• Several existing EU Policies address water management issues (the Urban Wastewater Treatment Directive, the Water Framework Directive, Floods Directive and the EU Water Scarcity and Droughts Strategy) and others deal more directly with potential water-related impacts on human health (e.g. the Drinking Water Directive, and Bathing Water Directive).

• There is a clear recognition that Climate Change creates a need for coherent, sustainable, cross-sectoral policy and regulation; sharing of available tools; facilitating mechanisms for partnerships and financing; and readiness to optimise across sectors during implementation.

• The water utility sector faces a unique set of challenges.  A primary challenge will be enhancing its capacity to cope with Climate Change Impacts and Other Human Pressures on water systems, while fostering greater resiliency to extreme hydrological events.

• With more frequent higher-intensity storms projected, utilities face the need to update infrastructure design practices.  This necessitates investments – not necessarily only in larger structures but also smarter (using better process control technologies) or local measures on storm water run-off.

Assessment Knowledge Base

• At international, national and local levels … much information is produced for assessments of the state of water and related health impacts.  Overall, both the current international and national water and health assessments have limited focus on extreme weather events and their effects on water services.

• In national assessments and programmes, countries appear to be aware of the adverse consequences of Climate Change on water and health.  However, sometimes assessments appear to be based on ‘expert knowledge’, largely qualitative in scope, and not going further than identifying likely scenarios.  The evidence‑base is lacking to make reliable estimates of the health effects of Climate Change resulting from impacts on water resources.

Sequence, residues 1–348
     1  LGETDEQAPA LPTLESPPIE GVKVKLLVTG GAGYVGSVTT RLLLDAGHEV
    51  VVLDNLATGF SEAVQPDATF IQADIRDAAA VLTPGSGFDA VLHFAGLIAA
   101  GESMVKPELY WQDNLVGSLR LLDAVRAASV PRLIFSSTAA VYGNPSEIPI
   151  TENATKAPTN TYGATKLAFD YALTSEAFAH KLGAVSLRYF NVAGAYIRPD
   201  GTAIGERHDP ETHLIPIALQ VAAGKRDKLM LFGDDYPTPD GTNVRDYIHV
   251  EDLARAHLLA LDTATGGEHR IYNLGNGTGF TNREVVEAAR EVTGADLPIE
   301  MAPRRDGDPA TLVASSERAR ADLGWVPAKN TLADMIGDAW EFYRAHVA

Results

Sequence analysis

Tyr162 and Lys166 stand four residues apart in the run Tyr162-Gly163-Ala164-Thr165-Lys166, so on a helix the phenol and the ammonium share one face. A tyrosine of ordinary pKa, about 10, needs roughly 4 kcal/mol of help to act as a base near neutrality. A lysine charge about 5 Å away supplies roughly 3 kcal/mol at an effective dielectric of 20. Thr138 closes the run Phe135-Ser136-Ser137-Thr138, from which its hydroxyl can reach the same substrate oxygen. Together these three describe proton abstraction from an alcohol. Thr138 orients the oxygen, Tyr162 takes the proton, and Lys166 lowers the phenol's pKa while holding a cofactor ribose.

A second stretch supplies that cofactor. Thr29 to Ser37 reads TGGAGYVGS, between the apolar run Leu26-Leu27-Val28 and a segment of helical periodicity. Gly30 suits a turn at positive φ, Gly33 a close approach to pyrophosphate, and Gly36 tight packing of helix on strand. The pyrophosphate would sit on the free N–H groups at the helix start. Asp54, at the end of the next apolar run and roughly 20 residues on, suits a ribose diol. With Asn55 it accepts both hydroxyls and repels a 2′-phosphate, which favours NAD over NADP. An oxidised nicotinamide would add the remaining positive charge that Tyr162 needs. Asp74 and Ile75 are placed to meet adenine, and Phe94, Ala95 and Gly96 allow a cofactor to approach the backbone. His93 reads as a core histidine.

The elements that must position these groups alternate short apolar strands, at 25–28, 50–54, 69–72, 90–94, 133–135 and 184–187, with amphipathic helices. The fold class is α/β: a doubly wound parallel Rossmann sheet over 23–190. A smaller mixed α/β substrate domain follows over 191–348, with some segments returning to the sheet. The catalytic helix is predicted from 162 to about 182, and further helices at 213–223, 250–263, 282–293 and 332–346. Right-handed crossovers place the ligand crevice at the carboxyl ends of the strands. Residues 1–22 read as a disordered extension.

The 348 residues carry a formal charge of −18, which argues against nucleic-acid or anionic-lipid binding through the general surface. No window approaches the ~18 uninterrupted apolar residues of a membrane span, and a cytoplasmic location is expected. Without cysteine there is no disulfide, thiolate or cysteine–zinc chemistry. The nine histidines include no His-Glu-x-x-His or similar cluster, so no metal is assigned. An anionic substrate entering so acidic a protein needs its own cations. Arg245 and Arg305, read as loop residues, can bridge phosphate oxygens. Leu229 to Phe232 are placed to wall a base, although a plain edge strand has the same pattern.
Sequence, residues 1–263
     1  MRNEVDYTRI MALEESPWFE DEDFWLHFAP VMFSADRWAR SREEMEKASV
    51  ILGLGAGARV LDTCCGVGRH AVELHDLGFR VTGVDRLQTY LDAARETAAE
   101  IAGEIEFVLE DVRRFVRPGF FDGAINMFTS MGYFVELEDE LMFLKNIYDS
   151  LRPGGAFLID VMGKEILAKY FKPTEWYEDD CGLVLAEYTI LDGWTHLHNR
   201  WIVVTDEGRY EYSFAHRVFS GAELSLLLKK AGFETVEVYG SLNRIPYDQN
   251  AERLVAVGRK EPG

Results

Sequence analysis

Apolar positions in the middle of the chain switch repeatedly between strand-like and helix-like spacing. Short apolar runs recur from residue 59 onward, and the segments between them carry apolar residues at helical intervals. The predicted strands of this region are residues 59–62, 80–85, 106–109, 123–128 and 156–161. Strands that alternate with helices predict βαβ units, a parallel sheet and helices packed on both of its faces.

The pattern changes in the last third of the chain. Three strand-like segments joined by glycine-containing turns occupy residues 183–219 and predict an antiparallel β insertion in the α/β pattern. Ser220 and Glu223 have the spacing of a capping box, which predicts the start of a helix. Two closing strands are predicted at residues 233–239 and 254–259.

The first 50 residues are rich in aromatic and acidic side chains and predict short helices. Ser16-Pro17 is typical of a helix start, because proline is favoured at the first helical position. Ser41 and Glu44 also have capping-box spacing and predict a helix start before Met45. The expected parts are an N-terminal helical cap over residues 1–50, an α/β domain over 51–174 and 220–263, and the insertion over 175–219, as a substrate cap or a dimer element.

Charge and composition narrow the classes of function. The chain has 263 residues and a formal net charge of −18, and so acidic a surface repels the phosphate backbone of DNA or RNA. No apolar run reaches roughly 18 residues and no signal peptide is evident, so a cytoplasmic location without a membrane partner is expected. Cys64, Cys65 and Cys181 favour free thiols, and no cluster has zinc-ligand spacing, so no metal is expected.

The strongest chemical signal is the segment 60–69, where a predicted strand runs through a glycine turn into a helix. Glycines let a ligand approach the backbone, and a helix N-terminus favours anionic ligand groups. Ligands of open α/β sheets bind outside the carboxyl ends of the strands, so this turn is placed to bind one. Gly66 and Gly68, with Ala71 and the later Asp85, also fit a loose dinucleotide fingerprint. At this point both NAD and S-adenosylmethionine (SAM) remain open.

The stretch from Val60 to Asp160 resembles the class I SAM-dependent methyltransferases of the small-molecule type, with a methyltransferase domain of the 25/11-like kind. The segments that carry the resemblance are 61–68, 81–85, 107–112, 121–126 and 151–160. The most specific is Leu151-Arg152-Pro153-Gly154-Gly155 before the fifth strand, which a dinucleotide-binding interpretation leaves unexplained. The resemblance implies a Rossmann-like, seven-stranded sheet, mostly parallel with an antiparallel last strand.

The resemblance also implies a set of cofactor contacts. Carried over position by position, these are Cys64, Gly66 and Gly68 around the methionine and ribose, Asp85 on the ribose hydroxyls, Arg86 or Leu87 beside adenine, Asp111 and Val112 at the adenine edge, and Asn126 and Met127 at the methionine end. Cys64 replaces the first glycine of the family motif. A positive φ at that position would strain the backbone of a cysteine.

• Much effort is now focused on the impact of Climate Change on water and the environment, including health-related impacts.  Many international and European organisations have mapped out future Climate Change Impacts on water-related issues, identifying vulnerable groups and vulnerable sub-regions.

• The vast majority of the assessments of drought and water scarcity have focused on the impact of water scarcity, water use by sectors and strategies for meeting demand.  Very little consideration has been given to the health effects or consequences of future extreme weather events.

• The health effects of flooding do not feature significantly in national assessments.  The main focus is identifying regions most at risk of flooding and preparing plans for responding and mitigating the main consequences.

• Sufficient public health competences exist to cope with the health effects of Climate Change.  However, no (comprehensive) assessment has been undertaken to predict the severity or extent of future health risks related to the impact of Climate Change on water services.

• Irrespective of an assessment of the disease burden, actions being taken on the wider scale to respond to water scarcity, drought and flooding will help to reduce the health effects associated with Climate Change and water.’

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If you were a Key Decision-Maker … would this language spur you into action … or make you yawn, and put you to sleep ???